by Gelongma Karma Migme Chödrön | 2001 | 940,961 words
This page describes “refutation of the first sarvastivadin list” as written by Nagarjuna in his Maha-prajnaparamita-sastra (lit. “the treatise on the great virtue of wisdom”) in the 2nd century. This book, written in five volumes, represents an encyclopedia on Buddhism as well as a commentary on the Pancavimsatisahasrika Prajnaparamita.
If that is so, why did Kātyāyanīputra give the name āveṇikadharma to the ten powers (bala), the four fearlessnesses (vaiśāradya), the great compassion (mahākārūṇā) and the three special equanimities (āveṇikasmṛtyupasthāna) of the Buddha? If the eighteen special attributes that you mentioned above, [namely, nāsti tathāgatasya skhalitam, etc.] were really true, why did Kātyāyanīputra list others?
This is why he is called Kātyāyanīputra ‘son of Kātyāyanī’. If he was truly Śākyaputrīya ‘son or disciple of the Buddha’ [like [255c] us], he would not say that. The Śākyaputrīyas have defined the real special attributes. Moreover, the attributes of the Buddha are numberless and the 36 attributes [mentioned by us, namely, the 18 non-special attributes studied in chapters XXXIX and XL, plus the 18 special attributes studies in chapter XLI] are, amongst all the Buddha’s attributes, like a drop of water (bindu) in the great ocean (mahāsamudra). The attributes of the Buddha are not rare. Why enumerate eighteen [like Kātyāyanīputra]?
Moreover, the arhats, pratyekaduddhas and bodhisattvas [share to some degree in the ten balas that Kātyāyanīputra reserves as special attributes of the Buddha]; they too know what is possible and what is impossible (bala no. 1); they reveal the retribution of action in the three times (bala no. 2); they distinguish the dhyānas and the samāpattis (bala no. 3) and they reach āsravakṣayajñāna (bala no. 10). Under these conditions, how could [Kātyāyanīputra] say that these attributes are special to the Buddha?
Yes, but the śrāvakas, pratyekabuddhas and bodhisattvas do not have ‘an exhaustive knowledge, a universal knowledge’ (cf. above, p. 1526–7F) of these things. They have only the cognition (abhijñā) and the knowing (vidyā) of them, but do not have the power of knowledge (jñānabala) like the Buddha. Only the Buddha knows all that ‘in an exhaustive manner, in a universal manner’, and this is why these knowledges are ‘special’ to him. Therefore refer back to what has been said about the ten powers (above, p. 1556–7F).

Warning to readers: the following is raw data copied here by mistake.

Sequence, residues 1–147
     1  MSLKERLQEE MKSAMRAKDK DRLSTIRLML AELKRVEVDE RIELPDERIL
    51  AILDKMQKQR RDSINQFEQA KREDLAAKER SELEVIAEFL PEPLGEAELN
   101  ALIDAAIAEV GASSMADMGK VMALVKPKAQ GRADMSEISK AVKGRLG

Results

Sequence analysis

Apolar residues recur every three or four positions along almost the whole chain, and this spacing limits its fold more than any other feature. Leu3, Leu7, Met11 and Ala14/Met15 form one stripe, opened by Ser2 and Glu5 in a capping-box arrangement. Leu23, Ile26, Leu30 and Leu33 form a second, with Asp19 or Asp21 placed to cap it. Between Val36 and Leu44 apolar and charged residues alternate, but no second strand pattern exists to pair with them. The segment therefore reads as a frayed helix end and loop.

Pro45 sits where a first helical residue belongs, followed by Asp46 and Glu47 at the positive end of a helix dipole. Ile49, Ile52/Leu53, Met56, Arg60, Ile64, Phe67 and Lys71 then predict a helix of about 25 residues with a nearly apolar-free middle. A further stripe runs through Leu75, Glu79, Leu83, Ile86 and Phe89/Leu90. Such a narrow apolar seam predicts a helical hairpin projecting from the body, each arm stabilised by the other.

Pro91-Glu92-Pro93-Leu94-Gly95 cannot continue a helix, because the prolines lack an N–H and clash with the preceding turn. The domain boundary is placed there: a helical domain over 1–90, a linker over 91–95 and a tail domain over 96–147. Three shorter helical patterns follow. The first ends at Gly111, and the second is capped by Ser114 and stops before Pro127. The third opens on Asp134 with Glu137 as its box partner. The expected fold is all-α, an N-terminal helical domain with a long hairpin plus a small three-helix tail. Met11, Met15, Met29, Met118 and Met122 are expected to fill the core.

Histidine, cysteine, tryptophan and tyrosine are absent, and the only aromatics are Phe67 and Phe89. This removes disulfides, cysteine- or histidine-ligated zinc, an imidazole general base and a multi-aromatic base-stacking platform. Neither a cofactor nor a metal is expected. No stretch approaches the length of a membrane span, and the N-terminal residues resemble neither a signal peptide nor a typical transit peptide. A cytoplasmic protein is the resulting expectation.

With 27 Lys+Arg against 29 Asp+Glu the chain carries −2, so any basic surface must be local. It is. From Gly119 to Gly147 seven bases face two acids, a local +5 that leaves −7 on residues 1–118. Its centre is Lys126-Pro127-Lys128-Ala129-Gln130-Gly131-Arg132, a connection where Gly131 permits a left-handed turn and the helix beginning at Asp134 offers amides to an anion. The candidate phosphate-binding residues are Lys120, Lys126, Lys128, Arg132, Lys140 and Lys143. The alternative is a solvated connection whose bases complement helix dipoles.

When the Buddha explained the meaning (artha) of these ten powers, he did not emphasize his ‘exhaustive and universal’ knowledge of them; he simply said that he knew what is possible and what is impossible (sthānāsthāna), etc. Those who have spoken of his ‘exhaustive and universal knowledge’ are the scholars (upadeśācarārya).
Yes, we talk about them in the Mahāyāna, but what does that matter to you? You do not believe in the Mahāyāna, you refuse the evidence and you yourself say that the śrāvaka system is the [only] valid one.
Moreover, although the Buddha has this ‘exhaustive knowledge’, this ‘universal knowledge’ of the ten powers, the śrāvakas and pratyekabuddhas have a small portion of it. [Therefore Kātyāyanīputra is wrong in considering the ten powers (bala) as special attributes of the Buddha.] But śrāvakas and pratyekabuddhas have absolutely no part of the eighteen special attributes [which we propose in the Mahāyānist list: nāsti tathāgatasya skhalitam, etc]. This is why we describe them as truly special attributes.
But the practitioners of the two Vehicles, [namely, the śrāvakas and the pratyekabuddhas] also share in the eighteen special attributes [of the Mahāyānist list: nāsti tathāgatasya skhalitam, etc.]. The Buddha alone never has bodily, vocal or mental faults (attributes no. 1 to 3 of the Mahāyānist list); but sometimes the practitioners of the two Vehicles do not have them either. Therefore they share in these attributes [and these do not belong exclusively to the Buddha].
Your objections do not hold (ayuktam etad). Why? What constitutes the special attribute is the fact of never having faults and not the fact of not having them [from time to time]. The śrāvakas and pratyekabuddhas do not share the perpetual harmlessness of the Buddha. [Thus this perpetual harmlessness is indeed a special attribute of the Buddha.]
Furthermore, the arhats are indeed said to possess the powers in question, but nowhere do they qualify them as special attributes (āveṇika). And you who do not believe in the Mahāyāna reject the eighteen truly special attributes [proposed in our Mahāyānist list: nāsti tathāgatasya skhalitam] and you count the ten powers (bala) [in the list of attributes drawn up by your Kātyāyanīputra]. This procedure is inadmissible!
Then look at these 80 secondary physical marks (aśīty anuvyañjanāni) of the Buddha in which you believe but which are not mentioned in the Tripiṭaka. Why not reject them [since you reject the powers, etc., in your list of special attributes]?